Refugee crisis: Canada “could do a lot more” expert says
As tens of thousands of refugees continue a perilous journey across Europe, and images of their desperation flood our screens, the world seems no better prepared to handle the crisis than at its onset.
Arne Kislenko is an international relations instructor at the University of Toronto’s Trinity College and Munk School of Global Affairs. He also serves as an associate professor of history at Ryerson University.
U of T News spoke to Kislenko about the almost unprecedented human migration from south to north and why the world seems so ill-equipped to meet it.
Are people making their way to Europe across the Mediterranean refugees or migrants?
Personally, I think both terms apply. From the news I have read and the images I have seen, many people appear to be coming from Syria and Iraq and very likely have legitimate grounds to be designated as refugees under all legal and practical uses of the word. However, some are clearly from other areas of the world where it’s not quite so clear the term applies. To me, those people would be better classified as migrants.
Those deemed refugees under national and international law have demonstrated a well-founded fear of persecution for reasons of race, religion, nationality, membership of a particular social group, or political opinion. Although no nation or international agency may have officially deemed each Syrian fleeing the madness there a refugee, the “well-founded” part of their reasons for fleeing are very likely to make them bona fide refugees under any reasonable consideration.
The same, however, cannot be said for Pakistanis or other nationals also pressing into Europe. While general conditions in any particular country might be dreadful by our standards and inclinations, it is not automatic that everyone coming from any country who says they are a refugee actually meets the definition established by the 1951 Conventions, national policies, or law. In these instances, migrants or refugee claimants might be a more accurate term.
Is there a connection between the Arab spring and this current migrant wave, the biggest since the Second World War?
As an historian, I am really nervous about drawing absolute connections between something like the Arab Spring and the current crisis. It seems obvious, but we need some distance from the timeline – and far better research and analysis of specifics – to know for sure.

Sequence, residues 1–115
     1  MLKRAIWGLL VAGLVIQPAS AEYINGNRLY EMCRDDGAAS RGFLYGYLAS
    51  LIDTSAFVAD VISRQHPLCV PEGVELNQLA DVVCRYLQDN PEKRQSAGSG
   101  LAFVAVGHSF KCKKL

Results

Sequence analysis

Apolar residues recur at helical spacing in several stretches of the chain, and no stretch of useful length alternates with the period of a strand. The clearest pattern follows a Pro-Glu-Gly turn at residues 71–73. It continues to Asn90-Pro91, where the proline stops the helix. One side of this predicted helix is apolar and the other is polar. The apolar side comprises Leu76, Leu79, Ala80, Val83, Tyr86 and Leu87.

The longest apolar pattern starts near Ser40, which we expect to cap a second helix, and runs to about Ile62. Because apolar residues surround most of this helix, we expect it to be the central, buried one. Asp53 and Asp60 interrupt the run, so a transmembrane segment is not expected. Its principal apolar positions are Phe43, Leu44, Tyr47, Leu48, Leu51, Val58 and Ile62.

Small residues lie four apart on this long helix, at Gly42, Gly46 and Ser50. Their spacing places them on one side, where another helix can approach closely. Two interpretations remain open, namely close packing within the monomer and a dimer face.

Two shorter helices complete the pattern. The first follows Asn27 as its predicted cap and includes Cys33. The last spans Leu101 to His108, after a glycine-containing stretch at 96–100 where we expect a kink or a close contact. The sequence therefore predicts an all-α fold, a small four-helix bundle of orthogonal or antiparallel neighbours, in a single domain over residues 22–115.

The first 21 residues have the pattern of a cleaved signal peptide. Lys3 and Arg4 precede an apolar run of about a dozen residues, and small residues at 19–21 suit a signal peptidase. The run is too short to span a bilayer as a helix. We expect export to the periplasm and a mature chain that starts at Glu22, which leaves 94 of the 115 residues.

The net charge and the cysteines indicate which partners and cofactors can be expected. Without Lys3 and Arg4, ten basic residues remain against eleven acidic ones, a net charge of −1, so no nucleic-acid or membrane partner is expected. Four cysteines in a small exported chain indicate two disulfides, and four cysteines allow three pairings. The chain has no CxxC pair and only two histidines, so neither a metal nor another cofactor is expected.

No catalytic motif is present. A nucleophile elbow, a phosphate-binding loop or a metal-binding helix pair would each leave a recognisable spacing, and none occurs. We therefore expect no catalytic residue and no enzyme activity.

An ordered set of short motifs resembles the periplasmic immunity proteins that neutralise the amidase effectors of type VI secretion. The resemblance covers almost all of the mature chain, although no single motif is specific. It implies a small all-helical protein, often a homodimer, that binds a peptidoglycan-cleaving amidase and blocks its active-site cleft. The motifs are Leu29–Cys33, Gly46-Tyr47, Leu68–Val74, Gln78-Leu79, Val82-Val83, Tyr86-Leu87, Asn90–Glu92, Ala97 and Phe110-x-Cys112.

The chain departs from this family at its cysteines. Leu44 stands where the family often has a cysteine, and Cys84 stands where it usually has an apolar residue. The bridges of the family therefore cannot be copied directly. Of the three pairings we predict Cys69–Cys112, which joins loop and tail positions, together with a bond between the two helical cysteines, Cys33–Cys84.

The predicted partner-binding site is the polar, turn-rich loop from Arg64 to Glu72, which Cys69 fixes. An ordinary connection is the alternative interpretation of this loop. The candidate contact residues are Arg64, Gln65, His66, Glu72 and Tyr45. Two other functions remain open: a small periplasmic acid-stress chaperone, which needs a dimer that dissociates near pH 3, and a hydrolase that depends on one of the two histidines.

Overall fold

We could certainly speculate seriously about how the decline of absolutist regimes in the Arab world and the subsequent conflicts that have arisen in many have contributed to the mass exodus. But at its core I think most people fleeing Syria and Iraq are simply besieged by seemingly endless war, suffering, and fear, the architects of which are rather meaningless.
Whether running from Assad, ISIS, or the prospect of military action by the West and its partners, people want out – especially after so long without hope.
Why is a collective response by the 28 EU members lacking?
The EU has seldom acted in union, despite the name. Countries like Hungary are terrified about the costs incurred in settling so many refugees and migrants. They simply do not have the money or resources to cope. Some people there, no doubt, are also worried about the challenges (real and imagined) that such a wave will present to their nation and its culture or cultures. Xenophobia and racism are alive and well in some parts of Europe. So is fear of the unknown.
Also, at the risk of sounding terribly elitist or condescending, some European states simply do not share the more liberal, humanitarian considerations of other, more developed countries. Leaders interested in maintaining power are playing to the values of more “local” constituencies, where the “lofty” notions of international humanitarianism might not appeal.
Beyond Europe, what is the responsibility of the rest of world toward this humanitarian catastrophe? What about the US, in particular, considering its military involvement in the region?
I think other countries need to do far more to help alleviate the suffering of those obviously and legitimately fleeing the crises in Syria and Iraq. That includes Canada and other international observers. We should be working with Turkey and, if needed, European states on the migration path to offer assistance: immediate – in the sense of food, water, clothing, health care, accommodation – and also longer term, in the sense of resettlement programs, etc.
It is a daunting challenge logistically and in terms of cost, but there is no viable alternative. And the US needs to better understand that it bears significant responsibility for the collapse of Iraq which, no doubt, contributed to this problem. It should be spearheading the international effort, in my view.
What role can Canada play in alleviating the crisis?
Canada has legal and moral obligations to do much more than it has done so far. Frankly, our record helping Syrian refugees in this crisis is an embarrassment. As a former officer, and now as an academic deeply involved in international security matters, I understand the government’s fixation on screening those being resettled. We need to make sure that Assad regime officials, ISIS, and other terrorist or criminal organizations don’t manage to infiltrate our country through the exodus.
However, we could do a lot more to alleviate immediate needs, and expedite the resettlement process. During the Bosnian and Kosovo crises, we were much faster and better at helping displaced persons overseas. I don’t think we have done anything like that here.
I agree with the general notion that we also need to stand firm against ISIS and, in principle at least, the Assad regime – so I am not one to say our foreign policy is so fundamentally flawed. However, with respect to actually helping those in clear dire need, we have failed rather dismally.